Okimaw Wallace Fox, Onion Lake Cree Nation.

Okimaw Wallace Fox: NMAI’s Meet Native America Series

Dennis Zotigh

In the interview series Meet Native America, the Smithsonian National Museum of the American Indian invites tribal leaders, cultural figures, and other interesting and accomplished Native individuals to introduce themselves and say a little about their lives and work. Together, their responses illustrate the diversity of the indigenous communities of the Western Hemisphere, as well as their shared concerns, and offer insights beyond what’s in the news to the ideas and experiences of Native peoples today.

Please introduce yourself with your name and title.

Okimaw Wallace Fox. The English translation for Okimaw is Chief.

Can you share with us your Native name and its English translation?

Sīsīkwaniyiniw kīsikonahk kā-ayakowet (it sounds like seeseequan-eeyinew keesikona ka-ayakowait). This name translates into English as "To shake the sacred rattle that sings in the spirit world."

Where is your community located?

Onion Lake Cree Nation is in Treaty No. 6 territory. Our community is located 50 kilometers north of the border city of Lloydminster, in Saskatchewan and Alberta, Canada.

Where were your people originally from?

We are all from the families represented by our Headmen, Seekaskootch and Makaoo, who each negotiated for reserved lands and represented our peoples during the making of Treaty No. 6 in 1876. These reserved lands were amalgamated in 1914 into Onion Lake Cree Nation.

What is a significant point in history from your nation that you would like to share?

These are not so much events in our history as key ideas. First is the protection of our nation on all fronts. Filling the roles and maintaining the core vision, which is retaining economic sovereignty and independence. Independence is the day before treaty.

How did your life experience prepare you to lead?

My parents raised me with very strong work ethics: To work for what you have—to earn what you have, you have to work—and to have the desire to help all people. I always thought that I was going to finish high school and go to university to become a lawyer. Little did I know that I was going to be voted in to Council at the young age of 21 and, a few years later, as Chief. That has been my calling since that time, having served with former Chiefs and having received guidance, understanding, and learning on the meaning of the spirit and intent of treaty.

What responsibilities do you have as Chief?

A leader must have a vision. That vision is to break the threats and strangleholds of Indian Affairs and their oppressive policies on all the peoples of our reserves. To be Chief, it is necessary to be able to see outside of the parameters of the reserve boundaries and the boundaries of Canada, to know that there is a bigger world out there.

Who inspired you as a mentor?

One of my brothers was always very outgoing. I have five older brothers, and we were always working; all I ever knew was to work. As I grew to understand the culture and ceremonies, my mentor was Jim Cannepotatoe. He was a ceremonial Elder and Lodge Keeper on the reserve. There were many wonderful Elders who have been my mentors and who have since passed on.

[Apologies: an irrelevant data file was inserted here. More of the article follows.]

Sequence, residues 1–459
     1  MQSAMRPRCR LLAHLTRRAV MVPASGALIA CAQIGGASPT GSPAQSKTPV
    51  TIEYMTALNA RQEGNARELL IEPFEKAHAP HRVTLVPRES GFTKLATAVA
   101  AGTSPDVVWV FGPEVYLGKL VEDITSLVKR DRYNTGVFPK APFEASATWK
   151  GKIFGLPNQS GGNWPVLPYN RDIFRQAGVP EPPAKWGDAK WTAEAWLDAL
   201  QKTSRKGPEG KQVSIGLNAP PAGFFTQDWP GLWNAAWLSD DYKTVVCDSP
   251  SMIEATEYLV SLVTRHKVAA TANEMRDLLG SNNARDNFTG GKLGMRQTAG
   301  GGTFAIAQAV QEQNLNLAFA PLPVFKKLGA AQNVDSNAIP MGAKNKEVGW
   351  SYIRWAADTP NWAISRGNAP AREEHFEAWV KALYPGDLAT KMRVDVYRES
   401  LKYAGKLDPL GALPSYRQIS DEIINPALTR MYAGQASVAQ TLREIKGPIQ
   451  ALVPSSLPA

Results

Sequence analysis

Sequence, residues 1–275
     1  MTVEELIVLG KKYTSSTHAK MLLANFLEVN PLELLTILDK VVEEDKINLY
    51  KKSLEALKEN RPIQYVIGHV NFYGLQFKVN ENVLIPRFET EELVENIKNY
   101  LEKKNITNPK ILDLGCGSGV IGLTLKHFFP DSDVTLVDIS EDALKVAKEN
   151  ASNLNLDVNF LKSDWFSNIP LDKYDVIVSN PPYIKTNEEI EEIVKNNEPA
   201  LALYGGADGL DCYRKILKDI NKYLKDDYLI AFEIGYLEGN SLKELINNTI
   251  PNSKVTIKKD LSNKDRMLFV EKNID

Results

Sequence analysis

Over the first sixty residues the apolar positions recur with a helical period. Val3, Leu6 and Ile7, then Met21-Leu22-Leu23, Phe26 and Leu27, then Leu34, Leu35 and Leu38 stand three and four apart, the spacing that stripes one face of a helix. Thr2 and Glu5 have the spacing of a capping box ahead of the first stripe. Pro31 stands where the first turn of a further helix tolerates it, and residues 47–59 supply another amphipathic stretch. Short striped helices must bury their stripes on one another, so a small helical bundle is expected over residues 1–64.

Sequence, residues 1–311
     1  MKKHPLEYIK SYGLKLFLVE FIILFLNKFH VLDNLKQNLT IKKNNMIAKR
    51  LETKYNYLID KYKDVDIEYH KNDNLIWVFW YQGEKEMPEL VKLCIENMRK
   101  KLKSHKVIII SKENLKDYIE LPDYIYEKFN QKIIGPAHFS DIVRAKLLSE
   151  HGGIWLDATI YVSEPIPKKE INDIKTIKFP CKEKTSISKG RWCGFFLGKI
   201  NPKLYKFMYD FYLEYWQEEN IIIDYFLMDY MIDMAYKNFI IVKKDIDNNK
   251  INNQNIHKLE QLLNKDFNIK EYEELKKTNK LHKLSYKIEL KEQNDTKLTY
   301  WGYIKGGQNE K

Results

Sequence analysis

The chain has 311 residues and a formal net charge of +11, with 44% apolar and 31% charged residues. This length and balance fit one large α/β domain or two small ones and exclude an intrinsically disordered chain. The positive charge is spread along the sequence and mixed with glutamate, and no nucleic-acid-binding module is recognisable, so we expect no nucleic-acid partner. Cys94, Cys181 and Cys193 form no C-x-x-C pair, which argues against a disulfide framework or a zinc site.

Approximately how many members are in your band?

Onion Lake has a population of 5,800 members, with about 3,700 who live on reserve.

What are the criteria to become a member of Onion Lake?

We have a Citizenship Law that was developed by the people of OLCN. There is an application process—a committee and Elders review applications. The law includes instances where there is a member who wishes to relinquish membership from another band.

Is your language still spoken on your homelands? If so, what percentage of your people would you estimate are fluent speakers?

I am estimating 50 percent of our people speak the Cree language. The Cree language is still generally spoken in the community by those who are 35 years and up.

How is your nation's government set up?

Our nation has passed our own Convention Law, OLCN Election Law, Lands Law, Citizenship Law, and Education Law, and we are in the process of stepping out of the Indian Affairs Indian Act system. Contrary to the stereotype of the "Indian Act Chief," I will never succumb to INAC policies and direction—Indian and Northern Affairs, now Indian Affairs and Northern Development Canada. I serve the members of Onion Lake first and foremost. That is my belief.

Is there a functional, traditional entity of leadership in addition to your modern government system?

We are in the process of developing governance systems based on the original tribal systems of the Cree peoples.

How often does your Council meet?

Chief and Council meet once a week, generally on Tuesday. We have band meetings and special meetings—such as where OLCN leadership and senior administration provide budgets—at the end of March, prior to the April fiscal year, to seek the support of our people. We do this because OLCN's own sources of revenue provide 65 percent of the funding needed to operate our services. We require the approval of the membership because this is their money. This is the transparency process where all departments, including the Chief and Council, present their annual budget line by line, including salaries, administration, and travel, to share with the people who are present.

To read the full interview, visit the NMAI series here.

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